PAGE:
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Death and Disaster: The Rise of the Warhol Empire and the Race for Andy's Millions Hardcover – 31 Dec 1994

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Recounts the death of Andy Warhol after a gallbladder operation, and describes the complexity of settling his estate and the controversy surrounding the management of the Andy Warhol Foundation for the Visual Arts.

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Most Helpful Customer Reviews on (beta) 3.5 out of 5 stars 2 reviews
5 of 7 people found the following review helpful
5.0 out of 5 stars A Terrific Read 12 Feb. 2003
By Charles T. Bauer - Published on
Format: Hardcover
Death and Disaster: The Rise of the Warhol Empire and the Race for Andy's Millions by Paul Alexander. Now this is some book. Andy was a brilliant businessman who had the magic touch, though he was sad most of his life. At the time of his death his empire (not only art and collectibles, but vast real estate holdings and income properties nationwide) was 1/2 a BILLION dollars, second only to Picasso at 1 billion, and Andy died young. His soft and crafty management of the beautiful people, and then the tragedy of his death, and then the catastrophe of the jackals tearing apart his fortune (the lawyers got most of it) is a tale of sheer madness chronicled by a journalist who knew many of the principals and went to most of the trials - for years. Andy once tipped his hand: "A lady asked me what I loved most. That's when I started painting money."
1 of 5 people found the following review helpful
2.0 out of 5 stars Great Story, But Bad Writing 27 Dec. 2009
By B. Wolinsky - Published on
Format: Hardcover
I read this book in 1995. It was in print once, then quickily forgotten. When a book goes out of print quickly, there's usually a good reason for it.

DEATH AND DISASTER (the title aken from a series of Warhol paintings) is all about the economic side of Andy Warhol. From his early days as a commercial illustrator, Warhol had a gift for making money. In the mid-1960's, his "Soup Can" paintings and his "sculptures" of Brillo boxes sold quickly, and Warhol milked it, cranking out as many as the customers ordered. He made plotless film, like "Empire", that brought in more cash. "Empire" was nothing but an eight-hour stare at the Empire State Building, but people paid to see it. Money, money and more money flowed in. When Warhol died, everything was auctioned off according to his will.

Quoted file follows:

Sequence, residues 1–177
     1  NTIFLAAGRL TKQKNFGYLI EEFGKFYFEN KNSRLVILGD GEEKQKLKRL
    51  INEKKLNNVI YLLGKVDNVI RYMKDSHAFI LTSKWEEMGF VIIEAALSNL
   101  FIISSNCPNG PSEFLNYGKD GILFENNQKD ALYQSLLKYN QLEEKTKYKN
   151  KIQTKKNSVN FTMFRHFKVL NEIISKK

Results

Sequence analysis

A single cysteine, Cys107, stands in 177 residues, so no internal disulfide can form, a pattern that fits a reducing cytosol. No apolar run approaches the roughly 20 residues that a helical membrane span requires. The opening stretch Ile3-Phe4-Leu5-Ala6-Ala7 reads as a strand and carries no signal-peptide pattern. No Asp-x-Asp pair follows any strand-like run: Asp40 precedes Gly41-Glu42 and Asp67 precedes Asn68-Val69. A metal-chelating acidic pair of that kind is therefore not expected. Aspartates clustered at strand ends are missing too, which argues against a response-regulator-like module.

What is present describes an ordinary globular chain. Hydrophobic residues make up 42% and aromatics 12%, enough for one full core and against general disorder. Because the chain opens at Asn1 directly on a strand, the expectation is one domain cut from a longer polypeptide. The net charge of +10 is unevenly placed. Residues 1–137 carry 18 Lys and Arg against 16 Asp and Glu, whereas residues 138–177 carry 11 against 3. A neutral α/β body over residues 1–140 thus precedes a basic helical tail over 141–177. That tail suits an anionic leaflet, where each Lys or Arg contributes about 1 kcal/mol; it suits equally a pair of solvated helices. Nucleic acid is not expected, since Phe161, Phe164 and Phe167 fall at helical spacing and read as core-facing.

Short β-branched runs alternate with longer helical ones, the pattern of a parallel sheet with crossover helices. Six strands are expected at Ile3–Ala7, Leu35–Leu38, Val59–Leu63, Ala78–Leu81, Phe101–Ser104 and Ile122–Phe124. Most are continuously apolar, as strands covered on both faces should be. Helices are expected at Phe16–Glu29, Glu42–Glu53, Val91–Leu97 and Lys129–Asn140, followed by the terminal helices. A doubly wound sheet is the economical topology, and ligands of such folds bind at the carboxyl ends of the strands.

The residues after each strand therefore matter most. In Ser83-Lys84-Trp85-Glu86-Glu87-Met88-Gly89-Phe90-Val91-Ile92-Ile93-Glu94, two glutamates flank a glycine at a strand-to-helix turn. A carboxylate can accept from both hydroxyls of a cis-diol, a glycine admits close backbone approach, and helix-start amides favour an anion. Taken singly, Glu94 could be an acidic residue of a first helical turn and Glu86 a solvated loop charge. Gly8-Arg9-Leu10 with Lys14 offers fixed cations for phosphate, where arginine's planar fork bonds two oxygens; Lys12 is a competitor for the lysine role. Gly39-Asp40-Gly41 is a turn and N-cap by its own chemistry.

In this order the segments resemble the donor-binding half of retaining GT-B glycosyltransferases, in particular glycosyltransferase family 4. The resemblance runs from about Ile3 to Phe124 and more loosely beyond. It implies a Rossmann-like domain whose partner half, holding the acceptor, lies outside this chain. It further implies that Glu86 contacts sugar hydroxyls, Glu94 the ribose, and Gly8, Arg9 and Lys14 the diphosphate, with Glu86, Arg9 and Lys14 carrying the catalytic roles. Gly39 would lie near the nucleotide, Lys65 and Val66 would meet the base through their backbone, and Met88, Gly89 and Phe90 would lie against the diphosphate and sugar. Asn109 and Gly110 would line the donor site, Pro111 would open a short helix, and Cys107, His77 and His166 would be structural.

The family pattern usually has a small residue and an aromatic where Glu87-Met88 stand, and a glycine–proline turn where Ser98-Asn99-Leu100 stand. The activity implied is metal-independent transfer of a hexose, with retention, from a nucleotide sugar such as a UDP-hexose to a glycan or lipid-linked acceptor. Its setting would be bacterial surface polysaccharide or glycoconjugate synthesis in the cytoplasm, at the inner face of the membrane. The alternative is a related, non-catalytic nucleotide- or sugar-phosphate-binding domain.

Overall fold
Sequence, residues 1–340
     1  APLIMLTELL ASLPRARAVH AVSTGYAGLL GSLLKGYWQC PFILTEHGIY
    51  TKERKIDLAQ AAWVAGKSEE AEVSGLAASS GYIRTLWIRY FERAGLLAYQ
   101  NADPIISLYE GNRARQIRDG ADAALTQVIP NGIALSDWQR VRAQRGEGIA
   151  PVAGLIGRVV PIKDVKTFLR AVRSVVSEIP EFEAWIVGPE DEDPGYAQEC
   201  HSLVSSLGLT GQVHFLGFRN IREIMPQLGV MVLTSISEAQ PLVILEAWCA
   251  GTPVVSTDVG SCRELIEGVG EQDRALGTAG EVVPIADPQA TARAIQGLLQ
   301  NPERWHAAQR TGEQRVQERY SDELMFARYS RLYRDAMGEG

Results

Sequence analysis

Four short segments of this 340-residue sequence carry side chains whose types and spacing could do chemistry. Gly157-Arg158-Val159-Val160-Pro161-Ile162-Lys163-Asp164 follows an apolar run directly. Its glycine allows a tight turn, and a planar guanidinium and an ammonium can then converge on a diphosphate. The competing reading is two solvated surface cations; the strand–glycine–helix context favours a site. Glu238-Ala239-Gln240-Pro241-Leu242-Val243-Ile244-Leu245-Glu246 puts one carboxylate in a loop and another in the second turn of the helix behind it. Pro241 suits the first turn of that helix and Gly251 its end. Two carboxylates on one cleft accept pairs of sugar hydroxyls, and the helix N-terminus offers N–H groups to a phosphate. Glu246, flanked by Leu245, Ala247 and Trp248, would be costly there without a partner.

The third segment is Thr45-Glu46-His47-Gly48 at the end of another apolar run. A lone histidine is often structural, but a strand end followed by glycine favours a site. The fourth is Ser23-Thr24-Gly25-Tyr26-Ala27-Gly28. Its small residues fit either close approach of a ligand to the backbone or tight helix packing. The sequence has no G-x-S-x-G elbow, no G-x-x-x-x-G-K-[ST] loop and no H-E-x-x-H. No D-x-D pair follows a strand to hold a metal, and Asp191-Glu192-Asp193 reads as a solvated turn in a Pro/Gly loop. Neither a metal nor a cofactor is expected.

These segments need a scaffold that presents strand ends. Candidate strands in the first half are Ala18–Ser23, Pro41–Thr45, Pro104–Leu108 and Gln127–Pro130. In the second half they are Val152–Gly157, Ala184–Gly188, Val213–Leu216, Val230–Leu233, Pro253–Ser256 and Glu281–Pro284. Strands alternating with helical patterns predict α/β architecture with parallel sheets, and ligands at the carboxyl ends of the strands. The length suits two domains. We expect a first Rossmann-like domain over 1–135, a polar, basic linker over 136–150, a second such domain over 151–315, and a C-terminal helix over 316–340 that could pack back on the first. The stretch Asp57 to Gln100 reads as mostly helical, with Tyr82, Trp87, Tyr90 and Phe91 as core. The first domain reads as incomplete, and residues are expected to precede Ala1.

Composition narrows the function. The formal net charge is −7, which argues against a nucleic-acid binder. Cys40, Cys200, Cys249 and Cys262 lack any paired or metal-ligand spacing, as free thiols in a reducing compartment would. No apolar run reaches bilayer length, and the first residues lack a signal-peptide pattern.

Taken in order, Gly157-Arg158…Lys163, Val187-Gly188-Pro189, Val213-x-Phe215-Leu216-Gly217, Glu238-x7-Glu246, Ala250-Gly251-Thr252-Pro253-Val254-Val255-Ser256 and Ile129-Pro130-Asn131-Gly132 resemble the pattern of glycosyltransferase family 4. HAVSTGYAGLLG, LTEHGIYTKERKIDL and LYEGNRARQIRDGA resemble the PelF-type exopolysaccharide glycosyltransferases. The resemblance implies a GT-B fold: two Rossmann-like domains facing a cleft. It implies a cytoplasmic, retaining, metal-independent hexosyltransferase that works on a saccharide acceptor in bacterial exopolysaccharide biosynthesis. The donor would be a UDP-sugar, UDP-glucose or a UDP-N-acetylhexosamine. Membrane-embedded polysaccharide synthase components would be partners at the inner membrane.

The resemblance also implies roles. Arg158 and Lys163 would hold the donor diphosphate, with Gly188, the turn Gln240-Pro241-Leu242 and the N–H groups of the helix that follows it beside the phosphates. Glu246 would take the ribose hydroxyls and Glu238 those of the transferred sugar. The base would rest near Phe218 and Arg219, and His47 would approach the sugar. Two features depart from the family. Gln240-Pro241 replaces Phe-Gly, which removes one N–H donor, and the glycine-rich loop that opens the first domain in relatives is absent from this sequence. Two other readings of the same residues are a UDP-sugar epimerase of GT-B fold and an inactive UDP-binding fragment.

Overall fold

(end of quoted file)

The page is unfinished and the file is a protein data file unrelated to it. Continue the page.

Now here's where the problems started. Warhol's assistant, Ted Hughes, was named executor, but he mismanaged the estate. For the next ten years, the money was tied up in court, and the paper value of the estate kept growing. The lawyers kept the case in court for years, generating more fees for the lawyers, all of which were paid out of the estate.

The problem with this book, and the most likely reason that it's ut of print, is that the writing is no good. Alexander chose a method of writing where he introduces a character, then devotes several pages to the characters back-story, and that makes it hard to follow. The first character he introduces is a Korean nurse at the hospital where Warhol died, and gives too much background info. She's a footnote character and doesn't even belong in the story. He does the same with Warhol's doctor, his housekeeper, and a host of other useless characters.

The story here is worth reading if you're interested in business. In fact, it should be required study for anyone looking to become a lawyer specializing in wills and estates. But Alexander's poor writing structure makes this book unreadable.
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